Dawn is breaking as I pull open the curtains. Thailand is waking up. Wooden houses on stilts, taller, bendier more gracious clusters of palms.
At 7.30 I get off at Phetchaburi and walk into town. past hawkers selling green coconuts, along the street with the municipal buildings lined with displays commemorating the life and passions of the king, who recently turned 85.
The guest house (Rabieng Rimnum Guesthouse) is on the river and an old dark dusty teak building with an airy restaurant which opens directly over the water. Leonard Cohen is playing and the lady owner is on the phone and chatting to whoever appears at the same time. I never saw her finish a conversation. She could be an old madame, or a Chinese opera singer. On the walls are faded album sleeves of Andy Williams and other 60’s heart throbs.
The room is bare, wooden, basic, dusty, but surprisingly comfortable, even if the thin wooden walls allowed sound to penetrate from outside with relative ease.
I chat to Thomas, a German, now living in Israel, who is in the middle of a long cycle through Thailand. We talk about politics, corruption, the Indo-China war, his scrape with the Laos police, which involved him paying them $500 for something he had nothing to do with. Well, that or prison….).
I rent a bike myself and cruise the sleepy Sunday town where everything is in Thai and there are no Farangs to be seen.
I go to 2 temple sanctuaries. Each involves a journey through tree-lined roads full of monkeys. They have no fear and snarl and attack for little provocation.
Khao Lung cave is amazing. It’s roasting outside and the cave give me shelter and most astonishingly after the hurly burly of KL and SP silence. Utter silence and it’s so beautiful. The cave has a number of temples with a central hall with the walls lined with Buddhas. The light breaking through a chimney in the roof. Stalactites and the growing sing-song sound of Thai voices as a few more visitors arrive. Each shows respect. Wai-ing, hands clasped in a bow, then buying a handful of jossticks. Kneeling and wai-ing clasping the sticks. Lighting the sticks from a flame on the altar and repeating. The joss sticks are planted in an urn on the altar and the praying continues. They then gild the Buddha, sticking small strips of gold leaf on the Buddha statue. Offerings are also made. I watched a woman take several bottles of drink out of her bag. open them, put straws in the bottles and leave them there…for Buddha to drink? I also saw cans of coke left in the same way.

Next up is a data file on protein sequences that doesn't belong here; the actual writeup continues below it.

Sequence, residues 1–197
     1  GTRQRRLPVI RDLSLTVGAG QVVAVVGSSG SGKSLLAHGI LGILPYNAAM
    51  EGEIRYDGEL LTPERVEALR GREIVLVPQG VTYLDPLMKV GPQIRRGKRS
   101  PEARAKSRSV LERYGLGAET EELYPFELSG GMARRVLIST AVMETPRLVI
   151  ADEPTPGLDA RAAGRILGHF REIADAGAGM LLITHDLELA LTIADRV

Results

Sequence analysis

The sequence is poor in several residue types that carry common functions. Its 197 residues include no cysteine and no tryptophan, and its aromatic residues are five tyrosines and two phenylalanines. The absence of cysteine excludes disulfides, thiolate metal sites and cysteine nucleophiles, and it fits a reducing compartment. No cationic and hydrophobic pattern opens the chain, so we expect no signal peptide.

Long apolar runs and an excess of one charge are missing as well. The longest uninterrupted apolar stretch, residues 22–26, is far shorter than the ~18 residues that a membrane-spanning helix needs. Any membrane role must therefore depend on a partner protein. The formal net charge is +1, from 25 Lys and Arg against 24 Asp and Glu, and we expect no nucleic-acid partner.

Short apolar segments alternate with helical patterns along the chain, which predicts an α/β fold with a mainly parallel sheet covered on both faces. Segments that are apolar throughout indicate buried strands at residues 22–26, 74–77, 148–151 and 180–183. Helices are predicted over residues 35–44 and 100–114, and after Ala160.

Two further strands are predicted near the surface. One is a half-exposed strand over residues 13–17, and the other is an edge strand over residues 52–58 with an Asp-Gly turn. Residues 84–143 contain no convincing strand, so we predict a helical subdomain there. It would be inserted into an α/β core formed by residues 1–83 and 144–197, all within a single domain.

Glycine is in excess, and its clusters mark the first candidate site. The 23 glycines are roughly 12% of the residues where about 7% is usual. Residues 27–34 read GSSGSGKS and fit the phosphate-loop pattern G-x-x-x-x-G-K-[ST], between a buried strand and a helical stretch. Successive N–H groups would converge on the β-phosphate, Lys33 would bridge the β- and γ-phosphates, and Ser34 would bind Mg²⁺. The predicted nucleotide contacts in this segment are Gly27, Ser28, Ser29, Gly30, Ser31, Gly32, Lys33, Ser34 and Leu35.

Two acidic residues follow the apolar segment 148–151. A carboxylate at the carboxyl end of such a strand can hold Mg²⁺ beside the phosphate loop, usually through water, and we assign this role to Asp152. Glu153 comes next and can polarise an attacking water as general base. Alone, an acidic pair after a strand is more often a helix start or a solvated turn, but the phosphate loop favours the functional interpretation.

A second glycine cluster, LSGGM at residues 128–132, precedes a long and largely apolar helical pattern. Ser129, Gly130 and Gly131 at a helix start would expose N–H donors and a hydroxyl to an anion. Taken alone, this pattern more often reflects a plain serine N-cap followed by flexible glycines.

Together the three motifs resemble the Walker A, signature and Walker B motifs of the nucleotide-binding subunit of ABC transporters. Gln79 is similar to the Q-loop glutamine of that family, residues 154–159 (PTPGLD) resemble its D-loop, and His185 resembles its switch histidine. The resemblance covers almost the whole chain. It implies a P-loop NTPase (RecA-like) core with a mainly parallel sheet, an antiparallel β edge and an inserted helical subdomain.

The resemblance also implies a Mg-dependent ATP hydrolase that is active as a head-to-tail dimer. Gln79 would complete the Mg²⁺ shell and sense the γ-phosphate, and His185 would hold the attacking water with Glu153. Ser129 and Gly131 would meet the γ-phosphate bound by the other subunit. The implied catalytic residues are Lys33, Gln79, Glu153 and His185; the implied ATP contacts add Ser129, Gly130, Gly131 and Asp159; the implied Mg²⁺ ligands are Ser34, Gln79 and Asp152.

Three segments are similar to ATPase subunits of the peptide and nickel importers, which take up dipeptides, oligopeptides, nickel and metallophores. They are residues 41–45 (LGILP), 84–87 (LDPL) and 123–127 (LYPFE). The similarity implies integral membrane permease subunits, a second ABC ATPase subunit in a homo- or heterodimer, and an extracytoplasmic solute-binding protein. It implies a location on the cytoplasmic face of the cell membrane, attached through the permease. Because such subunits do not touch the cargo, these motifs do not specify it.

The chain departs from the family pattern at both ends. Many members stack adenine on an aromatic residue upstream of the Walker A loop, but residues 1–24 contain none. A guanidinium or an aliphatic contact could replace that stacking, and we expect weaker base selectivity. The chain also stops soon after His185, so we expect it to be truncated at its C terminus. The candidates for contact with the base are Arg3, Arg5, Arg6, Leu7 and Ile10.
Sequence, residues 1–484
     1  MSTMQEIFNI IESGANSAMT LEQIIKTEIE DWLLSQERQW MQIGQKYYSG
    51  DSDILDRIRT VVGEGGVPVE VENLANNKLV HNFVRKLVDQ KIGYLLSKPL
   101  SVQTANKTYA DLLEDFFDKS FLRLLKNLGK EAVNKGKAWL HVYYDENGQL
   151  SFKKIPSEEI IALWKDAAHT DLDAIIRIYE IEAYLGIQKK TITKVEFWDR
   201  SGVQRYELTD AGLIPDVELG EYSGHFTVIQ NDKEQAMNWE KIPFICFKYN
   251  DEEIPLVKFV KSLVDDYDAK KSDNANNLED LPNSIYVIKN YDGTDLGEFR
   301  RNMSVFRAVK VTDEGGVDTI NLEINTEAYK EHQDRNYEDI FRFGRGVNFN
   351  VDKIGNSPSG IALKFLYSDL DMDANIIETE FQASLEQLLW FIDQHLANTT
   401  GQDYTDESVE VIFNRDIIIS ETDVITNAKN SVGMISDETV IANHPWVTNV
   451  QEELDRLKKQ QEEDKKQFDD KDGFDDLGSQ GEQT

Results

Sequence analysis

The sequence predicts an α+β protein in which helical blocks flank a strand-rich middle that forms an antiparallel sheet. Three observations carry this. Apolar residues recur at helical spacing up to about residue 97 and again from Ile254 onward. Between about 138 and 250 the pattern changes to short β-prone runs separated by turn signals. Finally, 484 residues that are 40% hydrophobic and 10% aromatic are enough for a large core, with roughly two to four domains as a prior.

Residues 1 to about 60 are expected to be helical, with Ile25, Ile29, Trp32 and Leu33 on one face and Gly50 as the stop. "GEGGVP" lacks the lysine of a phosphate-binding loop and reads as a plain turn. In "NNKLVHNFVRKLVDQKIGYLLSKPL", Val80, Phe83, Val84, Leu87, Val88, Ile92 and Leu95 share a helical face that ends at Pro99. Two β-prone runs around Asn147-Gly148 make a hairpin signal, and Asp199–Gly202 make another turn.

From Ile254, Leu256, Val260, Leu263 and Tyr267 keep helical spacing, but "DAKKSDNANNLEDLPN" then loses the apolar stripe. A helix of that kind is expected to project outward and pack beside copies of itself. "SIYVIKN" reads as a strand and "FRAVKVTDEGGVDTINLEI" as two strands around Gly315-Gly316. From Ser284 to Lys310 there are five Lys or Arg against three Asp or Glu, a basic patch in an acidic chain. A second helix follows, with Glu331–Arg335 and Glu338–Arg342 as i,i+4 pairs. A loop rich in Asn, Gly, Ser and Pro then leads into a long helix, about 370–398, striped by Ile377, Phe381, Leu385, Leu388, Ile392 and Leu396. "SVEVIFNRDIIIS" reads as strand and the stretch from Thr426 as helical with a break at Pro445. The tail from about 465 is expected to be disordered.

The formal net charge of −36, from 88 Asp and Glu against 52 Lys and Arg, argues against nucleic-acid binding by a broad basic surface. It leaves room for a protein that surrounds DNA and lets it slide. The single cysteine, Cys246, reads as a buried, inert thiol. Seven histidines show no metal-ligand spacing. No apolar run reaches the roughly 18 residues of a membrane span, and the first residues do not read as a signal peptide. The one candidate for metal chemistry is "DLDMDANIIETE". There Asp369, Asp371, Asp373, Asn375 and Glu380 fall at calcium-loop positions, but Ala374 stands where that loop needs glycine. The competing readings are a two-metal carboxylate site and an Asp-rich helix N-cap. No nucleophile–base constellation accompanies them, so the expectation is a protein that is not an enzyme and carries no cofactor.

The second temple, Khao Bandai It, is west of the town. On the way I buy a whole chopped fresh pineapple from a roadside hawker and chat a little with the woman there. The temple entrance is at the top of a hill and among a number of temple buildings. The inside is less spectacular and less atmospheric, but the silence and coolness is a relief. Outside again I climb to the top of the hill where there is an enormous Buddha statue but unfinished, and by the looks of it abandoned for the time being. The view is amazing.
Cycling back across town is great. The town is awakening from the heat of the day. The many many temples, though are quiet, and the monks almost invisible. The ones I see are sweeping the yards and watering plants. Dogs are everywhere, many mangy, lounging in the sun or strolling across the roads. The shop houses are in evening mode, tvs showing boxing and football, shopkeepers packing up…but the hairdressers, of which there are a disproportionate number are busy. Children call out hello, men are chatting together, some playing chess, and the women are preparing noodles or barbecue on their stalls. Everyone looks content, beautiful, simple. There are pictures of the king all over town, whole families on motorbikes and everybody obeys the traffic lights.
I dont have the language skulls to negotiate the night market with its myriad of dishes and eat at the guest house. Noodle omelette and spicy morning glory. Some beers, some football (Liverpool 2 Villa 0), and I meet Ray from Holland, a well-travelled German couple and 2 very drunk Norwegian guys. Bedtime is late, around 2pm.